Portal:Moldova

The Moldova Portal


Location of Moldova
LocationEastern Europe

Moldova (/mɒlˈdvə/ (listen) mol-DOH-və, sometimes UK: /ˈmɒldəvə/ MOL-də-və; Romanian pronunciation: [mɔːlˈdɔːva]), officially the Republic of Moldova (Romanian: Republica Moldova), is a country in Eastern Europe. It is bordered by Romania to the west and Ukraine to the north, east, and south. The unrecognised breakaway region of Transnistria lies across the Dniester on the country's eastern border with Ukraine. Moldova's capital and largest city is Chișinău.

Most of Moldovan territory was a part of the Principality of Moldavia from the 14th century until 1812, when it was ceded to the Russian Empire by the Ottoman Empire (to which Moldavia was a vassal state) and became known as Bessarabia. In 1856, southern Bessarabia was returned to Moldavia, which three years later united with Wallachia to form Romania, but Russian rule was restored over the whole of the region in 1878. During the 1917 Russian Revolution, Bessarabia briefly became an autonomous state within the Russian Republic, known as the Moldavian Democratic Republic. In February 1918, the Moldavian Democratic Republic declared independence and then integrated into Romania later that year following a vote of its assembly. The decision was disputed by Soviet Russia, which in 1924 established, within the Ukrainian SSR, a Moldavian autonomous republic (MASSR) on partially Moldovan-inhabited territories to the east of Bessarabia.

In 1940, as a consequence of the Molotov–Ribbentrop Pact, Romania was compelled to cede Bessarabia and Northern Bukovina to the Soviet Union, leading to the creation of the Moldavian Soviet Socialist Republic (Moldavian SSR), which included the greater part of Bessarabia and the westernmost strip of the former MASSR (east of the Dniester River). On 27 August 1991, as the dissolution of the Soviet Union was underway, the Moldavian SSR declared independence and took the name Moldova. The constitution of Moldova was adopted in 1994. The strip of the Moldovan territory on the east bank of the Dniester has been under the de facto control of the breakaway government of Transnistria since 1990. (Full article...)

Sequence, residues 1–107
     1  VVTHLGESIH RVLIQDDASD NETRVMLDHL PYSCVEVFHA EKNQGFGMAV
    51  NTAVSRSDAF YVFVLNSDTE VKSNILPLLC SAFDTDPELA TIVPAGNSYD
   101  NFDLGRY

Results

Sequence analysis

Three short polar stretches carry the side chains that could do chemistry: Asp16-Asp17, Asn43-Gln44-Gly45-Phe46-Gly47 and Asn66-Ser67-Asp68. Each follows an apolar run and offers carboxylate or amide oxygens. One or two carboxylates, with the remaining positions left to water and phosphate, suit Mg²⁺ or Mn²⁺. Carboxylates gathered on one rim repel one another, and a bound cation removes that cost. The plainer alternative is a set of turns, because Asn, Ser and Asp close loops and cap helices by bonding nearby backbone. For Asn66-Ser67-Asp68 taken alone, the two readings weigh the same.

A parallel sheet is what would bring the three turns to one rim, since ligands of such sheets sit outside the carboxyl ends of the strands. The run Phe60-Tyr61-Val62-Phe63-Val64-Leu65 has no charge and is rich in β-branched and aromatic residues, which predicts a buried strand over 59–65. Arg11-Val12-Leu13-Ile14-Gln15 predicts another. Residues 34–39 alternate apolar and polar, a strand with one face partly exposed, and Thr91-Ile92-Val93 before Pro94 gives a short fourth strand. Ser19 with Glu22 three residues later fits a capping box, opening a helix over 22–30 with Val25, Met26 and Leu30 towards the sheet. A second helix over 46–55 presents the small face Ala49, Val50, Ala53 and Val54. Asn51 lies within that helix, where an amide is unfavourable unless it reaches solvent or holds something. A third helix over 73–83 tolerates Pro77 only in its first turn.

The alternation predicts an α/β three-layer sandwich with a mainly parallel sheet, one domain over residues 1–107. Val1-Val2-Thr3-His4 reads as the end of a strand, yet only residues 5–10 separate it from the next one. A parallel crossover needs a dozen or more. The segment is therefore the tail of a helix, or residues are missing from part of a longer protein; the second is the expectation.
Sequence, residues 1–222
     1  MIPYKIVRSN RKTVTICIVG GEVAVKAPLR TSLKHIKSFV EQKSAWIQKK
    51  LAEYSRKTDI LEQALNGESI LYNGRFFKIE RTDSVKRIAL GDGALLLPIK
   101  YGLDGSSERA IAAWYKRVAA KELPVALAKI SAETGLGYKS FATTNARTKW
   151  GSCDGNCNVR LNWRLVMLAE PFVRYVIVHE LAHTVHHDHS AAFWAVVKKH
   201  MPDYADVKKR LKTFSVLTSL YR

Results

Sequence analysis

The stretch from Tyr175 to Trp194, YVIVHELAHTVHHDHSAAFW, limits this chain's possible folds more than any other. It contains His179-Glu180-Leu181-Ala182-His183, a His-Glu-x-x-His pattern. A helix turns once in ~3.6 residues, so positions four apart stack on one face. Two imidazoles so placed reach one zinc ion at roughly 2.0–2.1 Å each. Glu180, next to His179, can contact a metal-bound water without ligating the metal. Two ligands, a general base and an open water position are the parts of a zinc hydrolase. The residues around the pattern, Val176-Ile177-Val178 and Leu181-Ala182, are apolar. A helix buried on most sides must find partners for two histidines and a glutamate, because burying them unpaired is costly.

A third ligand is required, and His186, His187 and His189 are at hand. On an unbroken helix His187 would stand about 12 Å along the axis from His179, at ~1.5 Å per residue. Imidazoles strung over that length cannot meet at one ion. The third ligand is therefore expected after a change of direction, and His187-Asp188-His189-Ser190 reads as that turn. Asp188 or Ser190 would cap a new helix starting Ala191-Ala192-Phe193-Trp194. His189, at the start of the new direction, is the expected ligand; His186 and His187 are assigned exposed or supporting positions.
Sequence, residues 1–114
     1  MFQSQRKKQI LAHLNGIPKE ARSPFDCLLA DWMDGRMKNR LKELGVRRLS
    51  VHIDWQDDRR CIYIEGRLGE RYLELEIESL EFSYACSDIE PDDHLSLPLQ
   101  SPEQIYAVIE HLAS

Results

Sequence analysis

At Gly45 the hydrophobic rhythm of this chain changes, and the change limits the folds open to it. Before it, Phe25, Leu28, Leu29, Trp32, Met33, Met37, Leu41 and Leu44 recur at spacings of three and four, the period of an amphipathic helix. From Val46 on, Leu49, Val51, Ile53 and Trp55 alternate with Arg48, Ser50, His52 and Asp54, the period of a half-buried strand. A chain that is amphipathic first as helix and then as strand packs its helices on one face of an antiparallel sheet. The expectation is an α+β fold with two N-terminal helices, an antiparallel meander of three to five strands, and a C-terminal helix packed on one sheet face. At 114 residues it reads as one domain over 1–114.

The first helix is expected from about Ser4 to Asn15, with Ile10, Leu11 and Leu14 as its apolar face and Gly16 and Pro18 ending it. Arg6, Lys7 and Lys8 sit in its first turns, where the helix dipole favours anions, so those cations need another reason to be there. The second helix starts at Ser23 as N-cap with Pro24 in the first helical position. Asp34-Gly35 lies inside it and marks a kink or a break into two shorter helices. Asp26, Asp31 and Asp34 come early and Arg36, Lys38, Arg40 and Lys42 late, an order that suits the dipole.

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Map of Moldova, Transnistria, and the surrounding region
Transnistria in relation to Moldova, Ukraine, and Romania
Moldova–Transnistria relations are the political and economic relations between the Republic of Moldova and Transnistria (officially the Pridnestrovian Moldavian Republic), an unrecognized state between the Dniester River and Ukraine. During the dissolution of the Soviet Union, political tensions in the Moldavian Soviet Socialist Republic led to Transnistria declaring independence from Moldova, culminating in the Transnistrian War of 1992. As part of the ceasefire agreement ending the war, a Joint Control Commission composed of Moldovan, Transnistrian, and Russian forces was established to supervise the demilitarized zone which was located in the Transnistrian region. The Joint Control Commission still supervises the zone, and negotiations to resolve the dispute are ongoing. The negotiations are supported by the Russian Federation, Ukraine, the United States, the European Union, and the Organization for Security and Co-operation in Europe (OSCE). (Full article...)
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Did you know...

... that The "Golden Collection" from the State Enterprise Quality Wines Industrial Complex "Mileştii Mici" was recognized by the Guinness World Records as "the biggest wine collection in the world" on the 19th of August 2005. It contains over 1,5 million bottles of different types of wine – dry wines, dessert and sparkling wines.

...that according to the legend, voivode Dragoş founded Moldova as the result of an aurochs hunt. This is the popular explanation of aurochs head depicted on the coat of arms of Moldova.

...that only five of twelve stanzas of the original poem by Alexei Mateevici are included in the national anthem of Moldova.

...that Moldavian SSR had population density 128.2 people/km² and was the most densely populated republic of the Soviet Union.

...that Christian Orthodox is the predominant religion in Moldova. 98% of believers belong to the Orthodox Church, and its traditions are tightly entwined with the culture and patrimony of the country.

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Largest cities

Largest cities of Moldova

Chișinău
Chișinău
Tiraspol
Tiraspol

Rank City Urban Rank City Urban

Bălți
Bălți
Bender
Bender

1 Chișinău1 644,204 (2014) 11 Comrat3 20,113 (2014)
2 Tiraspol2 129,500 (2015) 12 Strășeni3 18,376 (2014)
3 Bălți1 102,457 (2014) 13 Durlești3 17,210 (2014)
4 Bender2 91,000 (2015) 14 Ceadîr-Lunga3 16,605 (2014)
5 Rîbnița2 46,000 (2015) 15 Căușeni3 15,939 (2014)
6 Ungheni3 30,804 (2014) 16 Codru3 15,934 (2014)
7 Cahul3 30,018 (2014) 17 Edineț 15,520 (2014)
8 Soroca3 22,196 (2014) 18 Drochia 13,150 (2014)
9 Orhei3 21,065 (2014) 19 Ialoveni 12,515 (2014)
10 Dubăsari3 25,700 (2011) 20 Hîncești 12,491 (2014)
Source: Moldovan Census (2004); Note: 1.World Gazetteer. Moldova: largest cities 2004. 2.Pridnestrovie.net 2004 Census 2004. 3. National Bureau of Statistics of Moldova

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Sources

  1. ^ "Largest wine cellar by number of bottles". Guinness World Records. Retrieved August 6, 2019.
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